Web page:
Lake Stevens Journal - Your hometown newspaper since 1960

 

By Pam Stevens
Managing Editor 

New marijuana law brings concerns for higher crime

 


I will admit that I did not vote for the legalization of marijuana here in the state of Washington. While I have many concerns about this law one of my biggest is giving criminals even more opportunities to commit crimes.

Shoplifting has gone up since voters chose to allow privately owned stores to carry and sell hard liquor instead of allowing only state owned agencies to sell it. It only makes sense that having marijuana sold in retail storefronts around the state would create more opportunities for crime.

Currently federal law prohibits banks from taking money from drug sales, which means that there is an abundance of cash within these businesses.

Where are marijuana storeowners keeping the cash? I’m sure this is a question criminals are asking themselves.

Just last week a medical marijuana dispensary located at the 14500 block of State Route 2 was robbed at gunpoint.

The Snohomish County Sheriff’s Office sent out a press release stating the following, “at around 8 a.m., a man with a facemask broke through the window of the business and held three employees of the business at gunpoint. Witnesses believe that the suspect stole at least $15,000 in marijuana before fleeing the area.”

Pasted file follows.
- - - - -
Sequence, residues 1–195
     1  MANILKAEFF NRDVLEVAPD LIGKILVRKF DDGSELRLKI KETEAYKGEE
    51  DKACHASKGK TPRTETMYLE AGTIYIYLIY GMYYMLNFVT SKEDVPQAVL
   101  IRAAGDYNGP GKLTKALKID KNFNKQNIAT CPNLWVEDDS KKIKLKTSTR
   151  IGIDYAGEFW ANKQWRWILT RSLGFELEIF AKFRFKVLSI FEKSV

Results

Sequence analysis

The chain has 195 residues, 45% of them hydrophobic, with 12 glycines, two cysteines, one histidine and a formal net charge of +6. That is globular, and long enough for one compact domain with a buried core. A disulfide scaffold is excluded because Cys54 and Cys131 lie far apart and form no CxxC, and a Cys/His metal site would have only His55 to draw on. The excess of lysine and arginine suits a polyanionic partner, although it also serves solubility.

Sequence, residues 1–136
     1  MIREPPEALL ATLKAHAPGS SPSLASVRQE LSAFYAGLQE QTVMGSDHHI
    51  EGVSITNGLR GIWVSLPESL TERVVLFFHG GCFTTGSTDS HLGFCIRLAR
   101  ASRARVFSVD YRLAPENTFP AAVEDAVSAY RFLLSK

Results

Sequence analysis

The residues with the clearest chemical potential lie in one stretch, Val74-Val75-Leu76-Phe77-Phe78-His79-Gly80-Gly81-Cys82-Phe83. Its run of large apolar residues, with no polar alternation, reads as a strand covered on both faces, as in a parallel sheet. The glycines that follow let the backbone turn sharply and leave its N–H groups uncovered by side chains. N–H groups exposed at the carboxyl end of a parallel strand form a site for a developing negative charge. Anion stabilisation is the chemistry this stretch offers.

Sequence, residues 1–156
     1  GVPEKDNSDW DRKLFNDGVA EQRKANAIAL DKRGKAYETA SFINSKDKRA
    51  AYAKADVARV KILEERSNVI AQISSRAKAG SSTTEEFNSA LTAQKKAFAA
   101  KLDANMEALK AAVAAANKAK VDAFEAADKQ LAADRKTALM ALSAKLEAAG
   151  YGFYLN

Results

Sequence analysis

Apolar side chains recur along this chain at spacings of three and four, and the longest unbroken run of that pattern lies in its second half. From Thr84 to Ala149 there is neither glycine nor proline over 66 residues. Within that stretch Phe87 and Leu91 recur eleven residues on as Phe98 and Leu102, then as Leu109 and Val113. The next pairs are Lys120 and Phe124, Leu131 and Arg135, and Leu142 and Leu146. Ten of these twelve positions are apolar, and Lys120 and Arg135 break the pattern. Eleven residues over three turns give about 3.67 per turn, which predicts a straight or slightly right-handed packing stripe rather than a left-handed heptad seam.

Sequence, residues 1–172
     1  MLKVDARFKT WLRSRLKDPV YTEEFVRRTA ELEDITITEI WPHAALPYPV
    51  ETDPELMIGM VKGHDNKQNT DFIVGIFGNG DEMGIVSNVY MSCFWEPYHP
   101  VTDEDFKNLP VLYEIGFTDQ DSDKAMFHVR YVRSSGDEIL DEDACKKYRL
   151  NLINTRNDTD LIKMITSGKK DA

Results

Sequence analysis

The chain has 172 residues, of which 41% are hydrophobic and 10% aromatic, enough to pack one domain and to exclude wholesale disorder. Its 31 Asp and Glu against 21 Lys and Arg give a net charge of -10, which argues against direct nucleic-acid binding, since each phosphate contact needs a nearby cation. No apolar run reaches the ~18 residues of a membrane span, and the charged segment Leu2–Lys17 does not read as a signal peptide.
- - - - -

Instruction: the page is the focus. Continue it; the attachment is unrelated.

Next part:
Deputies were unable to find the suspect.

I understand that the cause and effect of illegal drugs is also crime, but it seems that having retail stores around the state invites criminals with easier access to drugs and cash.

While our state continues to figure out exactly how all of this marijuana legalization is going to work, local governments, mostly police departments, will be trying to figure out how to keep these types of crime at a minimum while storeowners have to figure out what to do with the cash they aren’t allowed to deposit into bank accounts.

My concern is for the safety of my community and those living and working within it. I hope to see higher levels of security at marijuana retail stores, which in turn, should help keep the criminal element away from those stores.

 

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